The test in such case should not be, only in terms of money. He also argued that almost every house in Arunachal, Meghalaya, Assam and some States of India had hand operated knitting machine either like the model like in question or other similar models. He challenged the findings of the Collector of Customs (Appeal) on the basis of cost, performance and output of the machine. He compared the specification and performance of the model with respondents model DX 4000 and Bulky Eight 5001 and submitted that when the respondents admitted that model DX 4000 and Bulky Eight 5001 were admittedly domestic it was ridiculous to say that on the comparison of specification and performance model DX 2000 would not be domestic. He relied on catalogue and the description given therein. The catalogue shows that DX 2000 is an income earner of the family, an interesting and paying hobby. He compared the cost of the model with other models. He challenged the certificate given by the Textile Commissioner and submitted that even on the respondents admission about Model DX 4000 and Bulky Eight 5001, the certificate was shown to be defective and was therefore inadmissible in evidence. He in particular by giving example of Charkha and Amber Charkha argued that merely because these were used in cottage industries they would not become industrial machines or appliances. He compared the model with circular knitting machines industrial type and submitted that the model is not industrial machine. He further submitted that even if a knitting machine is used for domestic as also for industrial purposes, it would still be classifiable under heading 84.37(2), the heading being specific. He also relied on the Supreme Court decision in Dunlop India Limited and Anr. v. Union of India and Ors., 10. On behalf of the respondents, Shri K Narasimhan, learned Advocate for the respondent strenuously controverted the submissions of the learned Sr. Departmental Representative. Shri Narasimhan argued that the scope of the revision is restricted and confined to the grounds set out in the show cause notice dated 21-10-1981. The dispute related only to Model DX 2000. He referred to the meaning of word Domestic in Shorter Oxford Dictionary and New Webster's dictionary. He submitted that the concept of 1/4 horse power does not exist in the CTA 1975. It existed only in the ICT (this was also agreed to by the appellant). He submitted that the order of Collector of Customs (Appeal) based on annual production, selling price, price of the model, sale of the model being entirely to cottage Industry of Ludhiana was proper and did not call for any inference. He distinguished the three rulings cited by the learned S.D.R. He also criticised the criteria for judging whether the model is domestic proposed by S.D.R. on various grounds. He challenged the S.D.R.'s contention about the interchangeability of parts relying on Subramaniam's affidavit to which we have already referred to above.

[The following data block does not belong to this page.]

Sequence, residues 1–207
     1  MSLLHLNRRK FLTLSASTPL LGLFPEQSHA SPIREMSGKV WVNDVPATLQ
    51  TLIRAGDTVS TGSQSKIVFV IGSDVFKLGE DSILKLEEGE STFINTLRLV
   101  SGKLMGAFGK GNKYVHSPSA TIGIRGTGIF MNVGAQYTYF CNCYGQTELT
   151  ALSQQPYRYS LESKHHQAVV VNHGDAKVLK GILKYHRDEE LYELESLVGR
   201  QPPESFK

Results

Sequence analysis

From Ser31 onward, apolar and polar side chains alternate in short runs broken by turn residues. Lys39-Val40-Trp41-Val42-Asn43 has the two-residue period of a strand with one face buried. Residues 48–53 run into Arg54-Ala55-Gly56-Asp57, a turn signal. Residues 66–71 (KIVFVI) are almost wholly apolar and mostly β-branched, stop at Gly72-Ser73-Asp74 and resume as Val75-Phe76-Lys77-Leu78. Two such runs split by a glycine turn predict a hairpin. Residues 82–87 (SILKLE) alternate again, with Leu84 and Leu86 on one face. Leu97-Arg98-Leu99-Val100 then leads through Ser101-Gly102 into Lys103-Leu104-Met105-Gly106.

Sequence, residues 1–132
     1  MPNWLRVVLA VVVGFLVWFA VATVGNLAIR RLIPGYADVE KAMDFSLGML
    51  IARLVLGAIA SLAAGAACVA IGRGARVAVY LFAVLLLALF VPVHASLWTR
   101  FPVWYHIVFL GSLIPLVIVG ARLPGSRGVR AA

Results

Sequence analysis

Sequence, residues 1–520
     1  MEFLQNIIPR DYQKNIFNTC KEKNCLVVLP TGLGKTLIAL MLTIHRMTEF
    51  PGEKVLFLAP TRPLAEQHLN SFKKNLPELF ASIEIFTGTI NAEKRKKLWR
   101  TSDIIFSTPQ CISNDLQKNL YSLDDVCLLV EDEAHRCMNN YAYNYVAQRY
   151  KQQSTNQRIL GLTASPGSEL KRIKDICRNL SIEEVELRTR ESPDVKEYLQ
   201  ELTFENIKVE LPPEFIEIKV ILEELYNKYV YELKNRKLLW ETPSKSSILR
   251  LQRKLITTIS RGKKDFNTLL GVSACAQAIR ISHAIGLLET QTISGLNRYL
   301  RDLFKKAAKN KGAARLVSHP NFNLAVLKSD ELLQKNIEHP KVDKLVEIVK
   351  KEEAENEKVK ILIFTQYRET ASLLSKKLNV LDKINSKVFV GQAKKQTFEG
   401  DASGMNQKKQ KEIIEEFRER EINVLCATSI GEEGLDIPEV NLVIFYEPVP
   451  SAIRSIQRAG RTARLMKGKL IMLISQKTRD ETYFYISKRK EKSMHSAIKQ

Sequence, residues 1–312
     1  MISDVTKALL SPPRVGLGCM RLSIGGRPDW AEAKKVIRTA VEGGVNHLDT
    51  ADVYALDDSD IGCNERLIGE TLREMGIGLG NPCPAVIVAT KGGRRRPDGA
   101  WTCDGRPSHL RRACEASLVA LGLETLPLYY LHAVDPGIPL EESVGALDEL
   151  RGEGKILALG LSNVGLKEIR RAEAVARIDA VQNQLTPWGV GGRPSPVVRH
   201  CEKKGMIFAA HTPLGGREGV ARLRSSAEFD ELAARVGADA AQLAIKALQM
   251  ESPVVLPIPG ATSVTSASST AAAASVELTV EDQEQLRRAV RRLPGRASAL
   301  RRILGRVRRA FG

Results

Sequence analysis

He detailed the performance of Model DX 2000 in support of his contention that Model is not a domestic knitting machine. During arguments he vehemently denied that he had conceded that Model DX 4000 or Bulky Eight 5001 were domestic models. He strongly relied on the Textile Commissioners certificate. To urge that the model was not a domestic model but their use is in the industry, he also relied on the certificate filed from purchasers and institutions dated 7-8-82. He challenged inferences proposed to be drawn by the S.D.R.'s reliance on Explanatory Notes in C.C.C.N. to Chapter 84.37 (page 1298 Section XVI in Volume III) as for the S.D.R.'s reliance on Interpretative Rules, Shri Narasimhan submitted that reliance should be placed on Note 5 to Chapter 84 and submitted that it should be held that a machine which is used for more than one purpose is for the purposes of classification to be treated as if it's principal purpose were its sole purpose. The appellant had not discharged the burden so as to come to a contrary finding to what the Collector of Customs (A) has set out in his order.